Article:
Next, Orr and I demoed a prototype of an interactive algorithmic text generation system called “The Speaking Egg.” Eschewing contemporary Machine Learning’s capacity to learn patterns from large, ready-made data sets, this system takes a decidedly more bespoke and laborious approach, one inspired by pet-like computational systems and interfaces that require care and attention to survive and thrive (e.g. the Tamagotchi, the Furby, or the virtual pets that scampered across desktops throughout most of the 1990s). To get this pet egg-bot to grow and to speak, one must manually provide example sentences. When the bot generates (simple and often nonsensical) sentences based on these inputs, the user must either praise or scold it, training the bot’s classification algorithm to help it produce more pleasing utterances. Workshop participants trained their algorithms to inhabit specific identities and ideological positions, exploring what it might mean to design algorithms that aspire to be intentionally political rather than “neutral” or “unbiased.” The feedback we received will be invaluable as Orr and I continue to develop this project.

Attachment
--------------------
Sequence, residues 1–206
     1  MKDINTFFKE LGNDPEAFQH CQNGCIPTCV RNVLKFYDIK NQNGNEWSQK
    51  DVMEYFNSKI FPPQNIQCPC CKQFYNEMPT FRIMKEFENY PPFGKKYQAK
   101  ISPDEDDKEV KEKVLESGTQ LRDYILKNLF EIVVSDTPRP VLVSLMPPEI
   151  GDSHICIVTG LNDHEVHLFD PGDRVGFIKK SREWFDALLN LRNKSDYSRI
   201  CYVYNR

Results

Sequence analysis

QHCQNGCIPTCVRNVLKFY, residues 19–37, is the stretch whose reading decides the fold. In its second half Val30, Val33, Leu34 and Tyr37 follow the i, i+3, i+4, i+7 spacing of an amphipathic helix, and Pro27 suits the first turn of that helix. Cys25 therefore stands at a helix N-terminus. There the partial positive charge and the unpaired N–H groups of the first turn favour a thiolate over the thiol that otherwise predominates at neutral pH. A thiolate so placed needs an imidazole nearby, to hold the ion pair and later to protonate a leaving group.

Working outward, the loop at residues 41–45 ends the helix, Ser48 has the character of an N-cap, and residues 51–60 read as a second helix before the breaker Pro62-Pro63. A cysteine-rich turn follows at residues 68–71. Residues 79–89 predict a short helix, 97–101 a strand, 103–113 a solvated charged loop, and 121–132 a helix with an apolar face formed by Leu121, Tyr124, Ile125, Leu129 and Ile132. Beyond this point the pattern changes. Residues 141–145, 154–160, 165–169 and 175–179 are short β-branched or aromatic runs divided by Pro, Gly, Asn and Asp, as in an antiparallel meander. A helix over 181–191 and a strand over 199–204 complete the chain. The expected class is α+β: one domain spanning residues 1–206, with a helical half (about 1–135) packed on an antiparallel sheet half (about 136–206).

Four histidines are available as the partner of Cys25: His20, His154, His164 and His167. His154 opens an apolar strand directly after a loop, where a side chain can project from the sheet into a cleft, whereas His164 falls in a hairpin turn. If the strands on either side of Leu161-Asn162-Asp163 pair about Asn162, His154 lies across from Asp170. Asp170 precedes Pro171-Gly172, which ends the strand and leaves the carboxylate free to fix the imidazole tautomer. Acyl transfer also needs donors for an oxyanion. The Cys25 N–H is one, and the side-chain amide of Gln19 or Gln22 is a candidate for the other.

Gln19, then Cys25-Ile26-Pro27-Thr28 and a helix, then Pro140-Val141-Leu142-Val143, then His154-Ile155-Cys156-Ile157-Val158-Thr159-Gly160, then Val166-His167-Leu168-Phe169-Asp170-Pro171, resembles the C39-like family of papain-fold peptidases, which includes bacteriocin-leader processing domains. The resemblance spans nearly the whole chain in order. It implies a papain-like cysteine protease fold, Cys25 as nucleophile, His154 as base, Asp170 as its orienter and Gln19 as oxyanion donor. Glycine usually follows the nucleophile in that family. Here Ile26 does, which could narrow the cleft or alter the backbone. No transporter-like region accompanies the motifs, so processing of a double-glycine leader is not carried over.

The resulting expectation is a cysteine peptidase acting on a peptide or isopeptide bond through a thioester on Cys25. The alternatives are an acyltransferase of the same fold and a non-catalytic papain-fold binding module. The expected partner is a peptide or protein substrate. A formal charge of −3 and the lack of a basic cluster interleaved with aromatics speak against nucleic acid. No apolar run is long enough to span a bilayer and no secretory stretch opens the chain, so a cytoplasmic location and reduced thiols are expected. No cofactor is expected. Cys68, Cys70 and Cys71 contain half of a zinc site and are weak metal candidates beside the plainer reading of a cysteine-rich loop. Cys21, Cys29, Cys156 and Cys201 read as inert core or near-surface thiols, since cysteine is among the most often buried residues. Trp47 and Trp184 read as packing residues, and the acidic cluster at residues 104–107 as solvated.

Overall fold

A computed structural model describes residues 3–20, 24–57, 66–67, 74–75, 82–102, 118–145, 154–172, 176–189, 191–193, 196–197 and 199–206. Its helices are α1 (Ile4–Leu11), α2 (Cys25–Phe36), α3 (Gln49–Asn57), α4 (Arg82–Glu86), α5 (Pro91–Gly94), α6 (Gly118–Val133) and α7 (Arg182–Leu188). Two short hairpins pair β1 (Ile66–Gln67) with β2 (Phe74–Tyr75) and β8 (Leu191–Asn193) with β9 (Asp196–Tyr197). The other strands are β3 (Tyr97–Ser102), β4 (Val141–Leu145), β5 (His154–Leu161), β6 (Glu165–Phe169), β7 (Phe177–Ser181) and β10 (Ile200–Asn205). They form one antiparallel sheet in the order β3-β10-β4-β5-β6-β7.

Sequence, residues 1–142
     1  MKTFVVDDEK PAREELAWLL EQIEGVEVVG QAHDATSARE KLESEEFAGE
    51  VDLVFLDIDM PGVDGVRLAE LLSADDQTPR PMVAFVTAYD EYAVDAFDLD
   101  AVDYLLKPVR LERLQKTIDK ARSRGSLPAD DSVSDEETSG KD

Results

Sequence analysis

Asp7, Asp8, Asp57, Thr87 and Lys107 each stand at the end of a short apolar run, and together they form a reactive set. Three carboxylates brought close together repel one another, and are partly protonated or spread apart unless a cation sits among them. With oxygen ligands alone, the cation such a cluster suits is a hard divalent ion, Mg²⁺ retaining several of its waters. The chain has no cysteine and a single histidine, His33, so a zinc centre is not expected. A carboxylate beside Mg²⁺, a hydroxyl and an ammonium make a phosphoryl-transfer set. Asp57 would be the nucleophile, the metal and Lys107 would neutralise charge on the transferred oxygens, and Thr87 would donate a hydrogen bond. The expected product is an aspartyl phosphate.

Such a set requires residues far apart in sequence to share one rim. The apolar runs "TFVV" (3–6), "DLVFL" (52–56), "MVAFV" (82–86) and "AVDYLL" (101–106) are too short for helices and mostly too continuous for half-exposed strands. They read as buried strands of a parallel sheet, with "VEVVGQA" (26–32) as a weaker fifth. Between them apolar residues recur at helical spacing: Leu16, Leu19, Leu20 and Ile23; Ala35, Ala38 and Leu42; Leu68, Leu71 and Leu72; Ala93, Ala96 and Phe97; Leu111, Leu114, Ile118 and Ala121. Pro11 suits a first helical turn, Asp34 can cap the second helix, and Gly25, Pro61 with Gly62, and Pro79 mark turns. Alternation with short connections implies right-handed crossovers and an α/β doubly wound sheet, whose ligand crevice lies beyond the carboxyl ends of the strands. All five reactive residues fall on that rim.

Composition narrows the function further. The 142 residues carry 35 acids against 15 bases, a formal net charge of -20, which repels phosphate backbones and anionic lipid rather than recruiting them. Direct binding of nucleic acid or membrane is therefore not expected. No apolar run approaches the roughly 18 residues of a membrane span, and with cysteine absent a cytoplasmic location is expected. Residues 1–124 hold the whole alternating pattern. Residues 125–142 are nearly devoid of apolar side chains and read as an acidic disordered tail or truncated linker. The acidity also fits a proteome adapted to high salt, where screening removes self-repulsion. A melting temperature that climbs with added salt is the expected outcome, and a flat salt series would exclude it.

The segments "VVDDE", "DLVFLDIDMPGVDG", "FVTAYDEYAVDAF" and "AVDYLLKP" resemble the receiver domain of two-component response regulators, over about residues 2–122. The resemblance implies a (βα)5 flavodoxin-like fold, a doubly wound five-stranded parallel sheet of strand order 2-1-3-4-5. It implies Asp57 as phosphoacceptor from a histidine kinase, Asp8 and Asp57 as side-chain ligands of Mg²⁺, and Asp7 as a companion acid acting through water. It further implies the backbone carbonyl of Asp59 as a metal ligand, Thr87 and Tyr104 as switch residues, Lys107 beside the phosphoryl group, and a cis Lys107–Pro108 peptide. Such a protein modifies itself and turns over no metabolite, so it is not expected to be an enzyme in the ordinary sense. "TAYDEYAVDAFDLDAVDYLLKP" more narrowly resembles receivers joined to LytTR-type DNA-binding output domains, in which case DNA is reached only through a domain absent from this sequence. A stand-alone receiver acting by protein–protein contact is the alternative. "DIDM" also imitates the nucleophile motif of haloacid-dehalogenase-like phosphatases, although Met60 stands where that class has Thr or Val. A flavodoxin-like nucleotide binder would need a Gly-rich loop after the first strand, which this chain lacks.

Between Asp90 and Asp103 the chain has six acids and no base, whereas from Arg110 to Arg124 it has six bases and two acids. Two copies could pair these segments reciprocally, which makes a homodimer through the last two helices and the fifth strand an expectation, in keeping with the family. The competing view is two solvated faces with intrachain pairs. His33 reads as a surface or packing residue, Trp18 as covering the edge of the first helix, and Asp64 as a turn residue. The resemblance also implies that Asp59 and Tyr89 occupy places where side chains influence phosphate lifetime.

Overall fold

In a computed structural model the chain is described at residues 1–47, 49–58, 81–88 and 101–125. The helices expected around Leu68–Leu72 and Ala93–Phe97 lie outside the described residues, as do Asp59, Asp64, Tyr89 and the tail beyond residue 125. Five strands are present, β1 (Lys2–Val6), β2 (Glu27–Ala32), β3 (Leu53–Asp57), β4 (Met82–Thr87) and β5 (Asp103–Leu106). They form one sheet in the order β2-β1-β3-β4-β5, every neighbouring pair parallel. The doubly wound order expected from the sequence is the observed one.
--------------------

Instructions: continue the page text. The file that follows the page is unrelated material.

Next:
The day concluded with an impromptu artist talks by several participants. Aaron Karp (Digital Musics) presented an agent-based digital music system based on the flocking of birds, Christiana Rose (Digital Musics) showed videos of her interfaces for sonifying the movements of acrobatic artists, and Josh Urban Davis (Computer Science) reflected on using deep learning to generate obituaries of people who never lived. These presentations, along with the lively participation of faculty, staff, and students, are evidence of the robust, interdisciplinary interest on campus in both the art and politics of computation.